The House voted Tuesday to extend federal programs aimed at preventing pre-mature births and boosting research into pediatric diseases.
Members approved the PREEMIE Act, S. 252, in a voice vote — the Senate passed the same bill by unanimous consent in September.
"This legislation will continue and strengthen the ongoing effort to track, prevent and treat pre-maturity."
Rep. Leonard Lance (R-N.J.) added that the bill is needed because premature births are still prevalent in the United States. However, the March of Dimes reported last year that the preterm birth rate in the U.S. has fallen for five years in a row, and was 11.7 percent in 2011.
The same bill also reauthorizes the National Pediatric Research Network, which offers grants for research into pediatric diseases.
And, it extends the CHIMP Act, which is a program that funds sanctuaries for retired research chimpanzees. The bill would require a study on how the National Institutes of Health care for these animals.
Immediately after, the House debated and passed S. 330, the HIV Organ Policy Equity Act. This bill would allow the government to do research on the feasibility of allowing organ donations from HIV patients.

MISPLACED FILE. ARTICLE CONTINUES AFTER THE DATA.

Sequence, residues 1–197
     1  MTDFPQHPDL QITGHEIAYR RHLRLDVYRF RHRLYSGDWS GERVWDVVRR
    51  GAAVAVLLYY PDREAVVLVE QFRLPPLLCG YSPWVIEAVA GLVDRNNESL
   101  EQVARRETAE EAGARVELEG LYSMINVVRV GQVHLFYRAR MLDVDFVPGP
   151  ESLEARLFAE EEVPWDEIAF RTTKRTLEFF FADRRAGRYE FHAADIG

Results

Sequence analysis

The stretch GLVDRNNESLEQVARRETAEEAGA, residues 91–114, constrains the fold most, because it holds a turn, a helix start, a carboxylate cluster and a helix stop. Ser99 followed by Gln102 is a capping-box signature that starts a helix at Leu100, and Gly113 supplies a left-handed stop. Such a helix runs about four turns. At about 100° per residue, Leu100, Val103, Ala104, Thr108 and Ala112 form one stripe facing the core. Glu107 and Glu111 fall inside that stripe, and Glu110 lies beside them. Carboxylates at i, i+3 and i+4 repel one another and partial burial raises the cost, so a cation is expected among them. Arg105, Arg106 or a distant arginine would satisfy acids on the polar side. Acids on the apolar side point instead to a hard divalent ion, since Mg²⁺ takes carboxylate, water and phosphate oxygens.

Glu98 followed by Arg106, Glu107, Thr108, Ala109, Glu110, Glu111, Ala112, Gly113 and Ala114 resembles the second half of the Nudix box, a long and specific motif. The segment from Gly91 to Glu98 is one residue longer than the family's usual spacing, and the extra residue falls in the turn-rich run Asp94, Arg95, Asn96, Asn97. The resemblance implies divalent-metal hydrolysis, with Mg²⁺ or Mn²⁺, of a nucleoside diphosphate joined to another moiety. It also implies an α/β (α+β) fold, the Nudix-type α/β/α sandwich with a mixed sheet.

A law passed in 1988 prevents those donations, a policy that was enacted around the height of the AIDS scare. But supporters said it's time to allow a study on these donations, as HIV patients are living longer.
"We save many lives, but lose them anyway to chronic conditions, such as kidney and liver damage often caused by the very HIV medications that have saved their lives," said Del. Eleanor Holmes Norton (D-D.C.).
The House also approved this bill in a voice vote, and passed three other suspension bills today:
— S. 893, the Veterans’ Compensation Cost-of-Living Adjustment Act, which would increase annual payment increases to disabled veterans. Passed by voice vote.
— H.R. 2871, to modify the composition of the southern judicial district of Mississippi from five districts into four. Passed 401-0.
— H.R. 2922, to extend the authority of the Supreme Court Police to protect court officials away from the Supreme Court grounds. Passed 399-3.
— This story was updated at 5:48 p.m. to reflect the second vote, and again at 7:07 p.m.